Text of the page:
interchange

See also: interchangé

EnglishEdit

EtymologyEdit

From Old French entrechange

PronunciationEdit

Verb
Noun

VerbEdit

interchange (third-person singular simple present interchanges, present participle interchanging, simple past and past participle interchanged)

  1. (transitive) to switch (each of two things)
    to interchange places
  2. (transitive) to mutually give and receive (something); to exchange
  3. (intransitive) to swap or change places
  4. (transitive) to alternate; to intermingle or vary
    to interchange cares with pleasures
  5. (transport) To act as or carry out an interchange (noun, senses 2, 3).
    • 2012, Andrew Martin, Underground Overground: A passenger's history of the Tube, Profile Books, →ISBN, page 274:
      But those 13 miles go through central London, and where the Underground interchanges with Crossrail, its own stations will be boosted and glamorised, especially at Bond Street and Tottenham Court Road.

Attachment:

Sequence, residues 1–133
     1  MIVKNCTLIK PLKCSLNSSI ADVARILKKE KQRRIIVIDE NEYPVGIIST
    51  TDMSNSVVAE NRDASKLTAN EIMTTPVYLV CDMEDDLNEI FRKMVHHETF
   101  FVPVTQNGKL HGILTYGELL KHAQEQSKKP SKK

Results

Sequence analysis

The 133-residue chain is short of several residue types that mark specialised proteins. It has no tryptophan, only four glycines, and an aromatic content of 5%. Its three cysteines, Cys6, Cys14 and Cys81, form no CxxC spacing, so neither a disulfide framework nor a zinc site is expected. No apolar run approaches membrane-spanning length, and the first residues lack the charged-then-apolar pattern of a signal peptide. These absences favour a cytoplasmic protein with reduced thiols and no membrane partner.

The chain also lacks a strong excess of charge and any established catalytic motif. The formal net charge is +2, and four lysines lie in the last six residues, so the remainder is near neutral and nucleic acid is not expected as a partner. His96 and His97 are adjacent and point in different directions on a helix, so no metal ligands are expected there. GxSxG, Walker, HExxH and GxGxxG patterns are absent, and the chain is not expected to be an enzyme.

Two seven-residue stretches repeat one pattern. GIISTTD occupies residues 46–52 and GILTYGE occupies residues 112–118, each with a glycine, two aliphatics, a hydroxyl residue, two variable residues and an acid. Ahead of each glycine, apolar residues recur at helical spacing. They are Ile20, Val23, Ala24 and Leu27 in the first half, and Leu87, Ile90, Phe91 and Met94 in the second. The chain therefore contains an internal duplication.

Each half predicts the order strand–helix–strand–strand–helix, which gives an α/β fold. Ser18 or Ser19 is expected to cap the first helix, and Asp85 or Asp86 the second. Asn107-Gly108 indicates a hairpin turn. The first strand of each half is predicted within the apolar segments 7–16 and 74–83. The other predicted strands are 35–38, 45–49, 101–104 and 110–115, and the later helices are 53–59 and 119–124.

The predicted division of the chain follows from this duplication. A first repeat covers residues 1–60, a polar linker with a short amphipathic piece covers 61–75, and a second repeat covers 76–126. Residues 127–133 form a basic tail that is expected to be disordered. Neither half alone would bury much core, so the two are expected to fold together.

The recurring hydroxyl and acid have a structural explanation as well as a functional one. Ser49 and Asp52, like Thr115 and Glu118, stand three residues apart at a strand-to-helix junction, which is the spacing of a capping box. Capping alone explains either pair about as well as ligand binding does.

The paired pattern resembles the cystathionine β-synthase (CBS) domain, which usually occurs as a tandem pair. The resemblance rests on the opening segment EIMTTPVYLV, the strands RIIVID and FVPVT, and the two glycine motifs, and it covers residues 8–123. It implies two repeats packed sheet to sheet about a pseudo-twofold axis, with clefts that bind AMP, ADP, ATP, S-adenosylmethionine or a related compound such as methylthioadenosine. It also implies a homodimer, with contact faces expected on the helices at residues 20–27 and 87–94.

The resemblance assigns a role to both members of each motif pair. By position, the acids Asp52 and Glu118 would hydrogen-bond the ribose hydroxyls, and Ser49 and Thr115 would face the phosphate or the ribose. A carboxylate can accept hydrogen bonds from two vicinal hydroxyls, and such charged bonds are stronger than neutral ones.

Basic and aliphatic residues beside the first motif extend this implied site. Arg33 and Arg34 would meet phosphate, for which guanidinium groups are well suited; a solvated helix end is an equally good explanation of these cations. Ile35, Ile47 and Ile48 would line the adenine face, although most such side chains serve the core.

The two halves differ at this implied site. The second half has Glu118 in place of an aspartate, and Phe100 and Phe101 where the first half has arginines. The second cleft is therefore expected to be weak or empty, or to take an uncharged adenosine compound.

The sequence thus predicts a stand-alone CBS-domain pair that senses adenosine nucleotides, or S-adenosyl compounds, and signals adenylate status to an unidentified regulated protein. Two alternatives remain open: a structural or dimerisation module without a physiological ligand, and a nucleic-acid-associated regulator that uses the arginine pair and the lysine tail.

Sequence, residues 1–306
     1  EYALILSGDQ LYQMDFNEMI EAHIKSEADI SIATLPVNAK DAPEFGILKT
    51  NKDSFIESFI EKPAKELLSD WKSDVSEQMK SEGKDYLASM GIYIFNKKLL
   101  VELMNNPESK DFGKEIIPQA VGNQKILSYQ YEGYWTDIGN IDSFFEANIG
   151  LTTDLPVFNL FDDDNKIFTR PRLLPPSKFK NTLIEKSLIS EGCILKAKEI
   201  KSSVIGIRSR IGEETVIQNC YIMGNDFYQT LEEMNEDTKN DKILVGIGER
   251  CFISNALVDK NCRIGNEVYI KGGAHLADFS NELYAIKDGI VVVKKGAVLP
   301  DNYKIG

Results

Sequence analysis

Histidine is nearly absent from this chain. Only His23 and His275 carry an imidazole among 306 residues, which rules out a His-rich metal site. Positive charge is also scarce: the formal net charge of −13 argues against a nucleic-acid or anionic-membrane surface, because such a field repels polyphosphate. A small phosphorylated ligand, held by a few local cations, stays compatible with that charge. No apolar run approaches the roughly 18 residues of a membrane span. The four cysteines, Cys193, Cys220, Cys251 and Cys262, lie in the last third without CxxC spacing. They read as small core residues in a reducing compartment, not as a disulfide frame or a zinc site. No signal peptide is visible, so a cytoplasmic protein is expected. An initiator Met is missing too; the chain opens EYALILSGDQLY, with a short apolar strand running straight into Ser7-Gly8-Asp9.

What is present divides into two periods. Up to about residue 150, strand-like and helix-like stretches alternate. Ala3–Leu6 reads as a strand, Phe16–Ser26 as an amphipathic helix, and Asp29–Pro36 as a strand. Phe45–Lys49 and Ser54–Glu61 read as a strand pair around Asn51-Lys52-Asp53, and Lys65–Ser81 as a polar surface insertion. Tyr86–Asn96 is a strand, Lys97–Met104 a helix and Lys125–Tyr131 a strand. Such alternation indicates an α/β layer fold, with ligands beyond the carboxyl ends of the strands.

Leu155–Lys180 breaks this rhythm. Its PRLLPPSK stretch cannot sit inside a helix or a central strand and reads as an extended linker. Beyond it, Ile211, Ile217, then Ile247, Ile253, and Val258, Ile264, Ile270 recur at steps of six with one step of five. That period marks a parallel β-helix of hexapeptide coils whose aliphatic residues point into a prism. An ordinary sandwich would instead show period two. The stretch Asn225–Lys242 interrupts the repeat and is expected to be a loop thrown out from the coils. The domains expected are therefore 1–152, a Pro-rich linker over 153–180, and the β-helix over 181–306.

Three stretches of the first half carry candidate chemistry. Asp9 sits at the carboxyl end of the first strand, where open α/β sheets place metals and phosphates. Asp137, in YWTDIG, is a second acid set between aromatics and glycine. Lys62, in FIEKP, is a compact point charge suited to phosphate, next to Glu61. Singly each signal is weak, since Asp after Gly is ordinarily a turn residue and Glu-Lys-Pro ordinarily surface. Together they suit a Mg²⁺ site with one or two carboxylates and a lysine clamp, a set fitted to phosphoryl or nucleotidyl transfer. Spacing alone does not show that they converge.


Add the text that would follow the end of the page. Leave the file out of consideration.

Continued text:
• 2020 March 25, William Barter, “HS2: Euston or Old Oak Common?”, in Rail, page 59:
      The expectation is that about one-third of passengers will choose to interchange at Old Oak, while two-thirds will prefer to travel on to Euston.

SynonymsEdit

TranslationsEdit

NounEdit

interchange (countable and uncountable, plural interchanges)

  1. An act of interchanging.
    • 2011 October 29, Neil Johnston, “Norwich 3 - 3 Blackburn”, in BBC Sport[1]:
      That was one of three superb saves Hennessey made in the opening 45 minutes, the best of which was from Dzeko, who had been released by a slick interchange involving Silva and Sergio Aguero.
  2. A highway junction in which traffic may change from one road to another without crossing a stream of traffic.
  3. (rail transport) A connection between two or more lines, services or modes of transport; a station at which such a connection can be made.
    Holborn tube station is the only interchange between the London Underground Central and Piccadilly Lines

Usage notesEdit

Generally the rail transport sense of "interchange" applies to connections within the same station, or from two close-by stations. Sometimes, especially within the context of public transport in London, "interchange" is restricted to within-station connections only with outerchange used for those that involve leaving the station.

AntonymsEdit

  • (rail transport): outerchange (in some contexts only, see usage notes)

Derived termsEdit

TranslationsEdit

ReferencesEdit